1. My wife and I have a bet on how soon we will see “CSI: Boise”, wherein the crack investigators will be tracing car stereo thieves and taggers. Ryan Seacrest will be the lead investigator, and the sexy assistant will be Jessica Simpson. Yeah, that’s the ticket.

    2. I gave up NCIS two years ago. On a show that always stretched credulity (like putting a trailer park in the middle of Ballston Commons, taking 5 minutes to drive from D.C. to Norfolk, or that whole Lauren Holly-Frog storyline), I just couldn’t take it anymore with the Port-to-Port Killer story arc. If I were the director of the real NCIS I’d be blowing a stack if my agency were being portrayed as dysfunctionally as NCIS portrays the NCIS.

      And Leslie needs to realize that while he sleeps the world is getting his CBS shows from BitTorrents of Canadian broadcasts.

  6. So let me see if I get this. This guy said no to a new revenue source. CBS (and any other network for that matter!) have over the air and cable and he said no to another income source; Even when Apple is the one providing the infrastructure. They most be rolling on money. Smart move there Mr. Moonves!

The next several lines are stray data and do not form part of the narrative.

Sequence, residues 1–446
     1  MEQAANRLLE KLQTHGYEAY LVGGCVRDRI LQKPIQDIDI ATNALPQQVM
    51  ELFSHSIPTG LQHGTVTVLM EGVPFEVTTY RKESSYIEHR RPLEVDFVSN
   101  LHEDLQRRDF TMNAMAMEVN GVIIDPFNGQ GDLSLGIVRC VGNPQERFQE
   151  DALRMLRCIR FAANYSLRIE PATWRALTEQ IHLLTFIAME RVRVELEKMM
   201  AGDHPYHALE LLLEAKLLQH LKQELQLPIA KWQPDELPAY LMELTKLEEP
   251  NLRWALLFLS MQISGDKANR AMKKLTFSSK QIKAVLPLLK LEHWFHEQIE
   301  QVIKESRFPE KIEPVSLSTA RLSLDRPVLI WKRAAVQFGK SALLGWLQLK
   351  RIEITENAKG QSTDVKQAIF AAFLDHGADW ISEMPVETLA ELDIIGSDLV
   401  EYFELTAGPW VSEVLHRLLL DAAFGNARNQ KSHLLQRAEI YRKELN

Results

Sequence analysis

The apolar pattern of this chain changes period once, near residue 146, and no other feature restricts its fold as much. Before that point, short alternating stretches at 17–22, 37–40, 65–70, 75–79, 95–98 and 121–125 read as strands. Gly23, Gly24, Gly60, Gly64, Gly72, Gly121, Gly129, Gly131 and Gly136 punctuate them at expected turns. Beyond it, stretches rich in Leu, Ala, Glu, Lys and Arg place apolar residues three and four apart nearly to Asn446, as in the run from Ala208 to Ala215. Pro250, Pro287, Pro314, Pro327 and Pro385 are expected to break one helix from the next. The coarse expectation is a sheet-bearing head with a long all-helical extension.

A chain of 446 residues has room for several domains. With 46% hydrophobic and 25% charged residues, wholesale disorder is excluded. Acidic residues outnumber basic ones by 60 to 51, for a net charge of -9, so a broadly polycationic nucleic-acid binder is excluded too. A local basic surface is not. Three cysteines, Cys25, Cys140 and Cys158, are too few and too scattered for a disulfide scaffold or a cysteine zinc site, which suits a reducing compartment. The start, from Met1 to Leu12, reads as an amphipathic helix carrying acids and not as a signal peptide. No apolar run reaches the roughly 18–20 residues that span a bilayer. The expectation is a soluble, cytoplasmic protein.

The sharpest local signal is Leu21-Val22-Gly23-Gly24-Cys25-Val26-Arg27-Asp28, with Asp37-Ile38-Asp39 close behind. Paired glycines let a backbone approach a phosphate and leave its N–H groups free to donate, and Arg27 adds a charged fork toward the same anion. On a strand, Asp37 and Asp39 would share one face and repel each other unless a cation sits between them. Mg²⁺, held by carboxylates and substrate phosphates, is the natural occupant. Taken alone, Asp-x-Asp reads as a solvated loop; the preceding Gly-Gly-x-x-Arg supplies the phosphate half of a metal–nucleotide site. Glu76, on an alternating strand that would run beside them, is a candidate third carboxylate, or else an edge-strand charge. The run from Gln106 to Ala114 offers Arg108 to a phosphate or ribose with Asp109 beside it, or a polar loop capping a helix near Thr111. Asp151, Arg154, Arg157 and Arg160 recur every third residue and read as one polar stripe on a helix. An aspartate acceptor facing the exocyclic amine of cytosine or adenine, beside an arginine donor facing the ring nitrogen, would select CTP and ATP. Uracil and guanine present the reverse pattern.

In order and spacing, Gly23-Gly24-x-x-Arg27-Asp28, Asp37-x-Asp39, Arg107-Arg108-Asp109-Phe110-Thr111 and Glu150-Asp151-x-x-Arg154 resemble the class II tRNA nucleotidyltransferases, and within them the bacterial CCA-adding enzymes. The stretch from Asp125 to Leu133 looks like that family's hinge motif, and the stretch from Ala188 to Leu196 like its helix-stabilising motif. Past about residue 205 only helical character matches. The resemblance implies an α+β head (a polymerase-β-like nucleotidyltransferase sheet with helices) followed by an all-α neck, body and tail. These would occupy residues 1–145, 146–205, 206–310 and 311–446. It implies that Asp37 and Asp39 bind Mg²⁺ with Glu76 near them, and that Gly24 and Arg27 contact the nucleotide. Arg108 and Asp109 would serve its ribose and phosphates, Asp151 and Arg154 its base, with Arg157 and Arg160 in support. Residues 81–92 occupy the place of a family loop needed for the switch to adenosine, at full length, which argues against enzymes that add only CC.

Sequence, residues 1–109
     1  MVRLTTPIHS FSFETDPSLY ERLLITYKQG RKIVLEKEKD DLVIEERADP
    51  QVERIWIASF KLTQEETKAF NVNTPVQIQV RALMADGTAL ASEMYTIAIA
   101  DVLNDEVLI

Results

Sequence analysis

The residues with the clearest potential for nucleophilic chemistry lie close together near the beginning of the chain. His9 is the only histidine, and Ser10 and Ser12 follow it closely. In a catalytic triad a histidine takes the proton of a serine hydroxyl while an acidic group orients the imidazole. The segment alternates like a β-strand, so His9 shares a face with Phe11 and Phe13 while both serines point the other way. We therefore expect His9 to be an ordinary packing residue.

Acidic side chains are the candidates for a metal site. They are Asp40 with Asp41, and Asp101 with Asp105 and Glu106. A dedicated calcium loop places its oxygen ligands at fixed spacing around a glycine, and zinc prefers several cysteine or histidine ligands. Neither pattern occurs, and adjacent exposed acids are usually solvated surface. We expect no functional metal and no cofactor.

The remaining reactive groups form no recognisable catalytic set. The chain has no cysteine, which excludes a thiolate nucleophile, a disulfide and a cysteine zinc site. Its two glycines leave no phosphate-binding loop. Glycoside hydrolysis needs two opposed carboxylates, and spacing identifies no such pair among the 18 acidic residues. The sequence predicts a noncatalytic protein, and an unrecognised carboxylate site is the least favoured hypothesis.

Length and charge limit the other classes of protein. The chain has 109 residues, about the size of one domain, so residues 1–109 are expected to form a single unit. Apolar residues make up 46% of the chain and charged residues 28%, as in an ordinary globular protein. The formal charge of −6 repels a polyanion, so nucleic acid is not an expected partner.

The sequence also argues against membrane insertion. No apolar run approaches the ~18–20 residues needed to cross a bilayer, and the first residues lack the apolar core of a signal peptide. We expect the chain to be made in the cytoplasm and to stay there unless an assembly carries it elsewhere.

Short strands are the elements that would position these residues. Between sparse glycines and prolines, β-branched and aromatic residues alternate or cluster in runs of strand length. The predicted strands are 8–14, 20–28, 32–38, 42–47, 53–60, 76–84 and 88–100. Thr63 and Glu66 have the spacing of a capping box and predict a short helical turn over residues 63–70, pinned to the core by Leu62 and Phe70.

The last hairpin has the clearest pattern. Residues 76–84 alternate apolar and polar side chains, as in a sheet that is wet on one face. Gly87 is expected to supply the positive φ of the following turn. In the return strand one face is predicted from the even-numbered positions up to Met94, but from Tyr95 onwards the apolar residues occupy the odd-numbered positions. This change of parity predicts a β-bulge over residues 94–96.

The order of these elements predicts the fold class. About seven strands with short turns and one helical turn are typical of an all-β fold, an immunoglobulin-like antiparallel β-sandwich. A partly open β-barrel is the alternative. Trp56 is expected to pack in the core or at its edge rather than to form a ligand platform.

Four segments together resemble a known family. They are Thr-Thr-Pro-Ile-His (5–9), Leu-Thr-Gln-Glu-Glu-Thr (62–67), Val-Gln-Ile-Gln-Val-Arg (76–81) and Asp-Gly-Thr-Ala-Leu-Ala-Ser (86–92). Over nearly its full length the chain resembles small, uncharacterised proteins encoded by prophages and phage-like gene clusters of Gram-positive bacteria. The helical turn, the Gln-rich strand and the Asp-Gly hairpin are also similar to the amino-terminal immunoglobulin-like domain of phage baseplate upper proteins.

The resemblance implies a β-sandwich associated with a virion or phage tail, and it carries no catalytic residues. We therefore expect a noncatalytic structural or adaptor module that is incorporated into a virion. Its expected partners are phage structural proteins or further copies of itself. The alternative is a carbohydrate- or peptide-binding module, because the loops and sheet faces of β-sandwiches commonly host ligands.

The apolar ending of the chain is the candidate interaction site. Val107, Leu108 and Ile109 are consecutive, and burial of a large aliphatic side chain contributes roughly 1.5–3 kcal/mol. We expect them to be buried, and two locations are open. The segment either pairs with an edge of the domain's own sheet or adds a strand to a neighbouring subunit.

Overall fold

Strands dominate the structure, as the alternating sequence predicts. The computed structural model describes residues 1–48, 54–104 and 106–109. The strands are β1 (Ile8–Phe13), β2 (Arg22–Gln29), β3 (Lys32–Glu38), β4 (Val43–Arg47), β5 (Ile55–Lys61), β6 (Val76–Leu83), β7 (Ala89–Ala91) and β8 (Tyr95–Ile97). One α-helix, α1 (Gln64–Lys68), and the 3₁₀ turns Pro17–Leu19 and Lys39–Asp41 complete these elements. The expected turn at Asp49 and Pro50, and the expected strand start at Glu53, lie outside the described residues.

7. Why be pissed off at Leslie ? Did it ever occur to anyone that maybe the deal he was offered blew chunks ?

    It was recently reported that Apple was offering to control everything, including pricing.

    This guy does not sound like an idiot for turning down a deal like that to me! The idiot would be the one who said “Sure here is full control over my business and I’ll live off whatever percentage of the revenue you decide to give back to me.”

    Sure apple having full control over video delivery might sound great for you and me, but that does not mean it makes business sense for a company like CBS.

    If apple is having such a hard time getting studios on board then maybe its not the studios who are to blame, maybe the deals apple is offering just flat out suck. Its something to ponder at the least.